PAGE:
10. I'm still working on backstory dumping! I can usually catch it on edits, and try to rework the information in somewhere else… but I've been surprised a few times on re-reads that some of the backstory information just plain isn't necessary! It's a hard lesson to learn, but so very necessary. I'm definitely more aware of it these days when I'm writing, though.


  11. I recently got my first four chapters back from a freelance editor and learned that I apparently did a description dump, where my POV character was checking out a guy and I described it all in one paragraph. So now I need to go back and figure out how I can intersperse it with dialogue, etc. I've also been known to do the backstory dump. *sigh*


  12. Glad you have a huge bed for your stay in bed all day and write moments!

    Hope you'll join me for how “Cupid Shot Me” day at my bog :O)


  13. I fell prey to the backstory dump early on. There was all this STUFF I thought the reader needed to know. Particularly in an historical based on true events. The opening chapter of one of my novels read more like a history text-book. Yikes!


  14. Oh, I am jealous about the bed πŸ™‚ The extra room sounds wonderful.

    I used to be terrible with back story dumping and I had to learn over several manuscripts. My last story was a particular challenge because there was a TON of back story needed to complete the book. I ended up using flashbacks but didn't start them until the third chapter. And I tried to avoid back story for the most part during the first chapter. Just enough to intrigue the reader, with questions in the narrative here and there or short references that didn't detract from the flow.


  15. That is so hard, Sherrinda. i don't envy you trying to rework that. I don't have the info. dump in the beginning, but I have had the problem of having a couple of slow scenes in the beginning that I must extract the info that must stay and re-insert that info into the scenes that are moving the story forward. Very difficult to do as well. Good luck and congrats on the new bed.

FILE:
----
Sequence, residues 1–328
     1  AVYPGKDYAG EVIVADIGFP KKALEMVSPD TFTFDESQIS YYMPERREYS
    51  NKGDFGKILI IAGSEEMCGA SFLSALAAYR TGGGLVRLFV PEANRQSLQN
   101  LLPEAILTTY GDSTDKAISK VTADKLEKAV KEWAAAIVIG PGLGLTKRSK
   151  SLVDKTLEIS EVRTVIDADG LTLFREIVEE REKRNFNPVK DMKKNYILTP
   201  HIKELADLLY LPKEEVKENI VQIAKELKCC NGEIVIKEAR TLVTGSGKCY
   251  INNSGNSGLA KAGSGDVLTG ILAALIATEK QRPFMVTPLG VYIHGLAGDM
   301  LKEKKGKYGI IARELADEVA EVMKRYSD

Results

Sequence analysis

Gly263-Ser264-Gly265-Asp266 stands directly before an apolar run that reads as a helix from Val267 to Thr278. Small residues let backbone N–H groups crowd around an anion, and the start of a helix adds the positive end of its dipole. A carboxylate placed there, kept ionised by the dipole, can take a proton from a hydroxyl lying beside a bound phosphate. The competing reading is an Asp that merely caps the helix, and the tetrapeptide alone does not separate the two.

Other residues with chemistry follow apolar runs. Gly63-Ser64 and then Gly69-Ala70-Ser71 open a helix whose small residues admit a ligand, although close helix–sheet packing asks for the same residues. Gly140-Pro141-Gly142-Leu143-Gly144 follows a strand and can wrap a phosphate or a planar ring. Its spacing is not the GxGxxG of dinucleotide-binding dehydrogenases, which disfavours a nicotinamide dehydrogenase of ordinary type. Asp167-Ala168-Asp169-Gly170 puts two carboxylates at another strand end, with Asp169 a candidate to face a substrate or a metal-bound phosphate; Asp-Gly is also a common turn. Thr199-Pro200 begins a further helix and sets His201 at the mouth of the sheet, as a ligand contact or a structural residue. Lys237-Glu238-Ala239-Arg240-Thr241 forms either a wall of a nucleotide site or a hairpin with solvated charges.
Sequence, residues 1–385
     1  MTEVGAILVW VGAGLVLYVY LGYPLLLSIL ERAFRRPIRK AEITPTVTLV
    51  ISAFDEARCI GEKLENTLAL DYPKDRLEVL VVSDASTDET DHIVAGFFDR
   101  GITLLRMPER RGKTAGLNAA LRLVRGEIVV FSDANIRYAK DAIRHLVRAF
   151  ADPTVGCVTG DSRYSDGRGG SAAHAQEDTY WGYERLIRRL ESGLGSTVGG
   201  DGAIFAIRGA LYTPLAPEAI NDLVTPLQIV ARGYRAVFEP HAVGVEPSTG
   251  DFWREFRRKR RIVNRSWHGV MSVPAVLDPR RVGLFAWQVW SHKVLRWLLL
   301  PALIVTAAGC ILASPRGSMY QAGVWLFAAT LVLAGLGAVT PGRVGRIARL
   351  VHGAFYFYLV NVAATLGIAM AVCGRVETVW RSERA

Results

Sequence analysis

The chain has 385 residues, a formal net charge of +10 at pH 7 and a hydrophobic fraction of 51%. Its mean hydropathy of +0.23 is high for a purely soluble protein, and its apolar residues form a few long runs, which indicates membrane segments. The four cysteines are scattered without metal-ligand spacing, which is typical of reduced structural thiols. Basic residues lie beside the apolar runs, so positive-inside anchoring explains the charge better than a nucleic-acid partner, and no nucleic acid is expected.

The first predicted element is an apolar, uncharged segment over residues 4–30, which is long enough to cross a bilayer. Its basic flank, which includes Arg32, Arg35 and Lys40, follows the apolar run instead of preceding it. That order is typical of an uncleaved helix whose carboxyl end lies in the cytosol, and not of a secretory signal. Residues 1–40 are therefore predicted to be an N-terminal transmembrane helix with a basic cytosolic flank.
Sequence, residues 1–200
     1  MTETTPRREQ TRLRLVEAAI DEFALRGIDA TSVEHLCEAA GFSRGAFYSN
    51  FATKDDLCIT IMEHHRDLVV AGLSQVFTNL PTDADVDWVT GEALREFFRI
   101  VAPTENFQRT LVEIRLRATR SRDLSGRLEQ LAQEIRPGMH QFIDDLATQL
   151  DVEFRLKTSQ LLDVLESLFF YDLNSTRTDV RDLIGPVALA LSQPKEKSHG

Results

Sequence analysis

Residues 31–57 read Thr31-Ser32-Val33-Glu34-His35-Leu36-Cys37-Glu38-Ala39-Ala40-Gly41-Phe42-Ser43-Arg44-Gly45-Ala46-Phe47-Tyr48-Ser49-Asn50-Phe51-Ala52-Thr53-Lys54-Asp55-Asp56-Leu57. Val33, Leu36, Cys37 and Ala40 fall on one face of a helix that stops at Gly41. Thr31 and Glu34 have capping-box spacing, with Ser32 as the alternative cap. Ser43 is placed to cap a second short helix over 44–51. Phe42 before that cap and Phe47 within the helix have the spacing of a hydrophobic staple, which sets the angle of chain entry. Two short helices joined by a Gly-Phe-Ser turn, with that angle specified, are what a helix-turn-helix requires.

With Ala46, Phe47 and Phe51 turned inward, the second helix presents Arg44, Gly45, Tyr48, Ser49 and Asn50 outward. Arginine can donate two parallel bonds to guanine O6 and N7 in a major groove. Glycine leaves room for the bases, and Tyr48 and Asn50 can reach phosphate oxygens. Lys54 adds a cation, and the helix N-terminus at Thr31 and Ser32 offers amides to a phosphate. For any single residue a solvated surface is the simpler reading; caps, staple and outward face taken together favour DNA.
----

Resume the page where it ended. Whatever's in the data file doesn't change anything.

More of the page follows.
16. Sigh. I'm the exception to the norm and actually love back story. Yes, I have trouble snippeting it in but like the frame device, like Fried Green Tomatoes and The Shape of Mercy where you actually have two stories moving simultaneously so technically the history isn't a dump.

    Blessings on a great post!!



  17. I'm still pretty new in the critique department, but backstory wasn't flagged in our last session. So I'm hoping that means I'm in the clear.


  18. back story … I've learned to intersperse it later in teh book – an editor told me it adds mystery up front and keeps the reader intrigued. πŸ™‚


  19. Wow! That was a great critique! Glad that you were able to get such helpful and practical feedback!


  20. Hi Sherrinda –

    I went through this with my first manuscript. Like anything, once you nail down a skill, it's easier to avoid the mistakes.

    I hope your Mom also gave you her king-sized sheets. πŸ™‚



  21. Hi! I love this post. Getting little bits of backstory at a time is much more exciting for me as a reader. I love the intrigue it creates. Getting dumped with a bunch of information is no fun, of course being completely confused isn't any fun either. I'm sure your backstory will be presented in a wonderful way! Also, I've given you the Honest Scrap Award!
    Also, enjoy the bed!


  22. I have to cut backstory dumping on revision. I just keep that first draft as a special “secret” for me. Their backstory is still there… even if some of it gets cut. It makes me feel okay about a brutal hack and slash in revision.


  23. Good luck with that chapter. There's nothing like a new (used) bed.

    I write dystopian, so I have to educate the reader on a whole new world, as well as character background. I'm not sure I've figured out how to do it yet.


  24. I've been learning through the years to sprinkle my backstory like bread crumbs along the way. I sometimes get anxious and want to serve it all up at once though for fear I won't get it all in.

    Sweet dreams in your new bed!


Leave a Reply

Fill in your details below or click an icon to log in: Logo

You are commenting using your account. Log Out /  Change )

Facebook photo

You are commenting using your Facebook account. Log Out /  Change )

Connecting to %s

%d bloggers like this: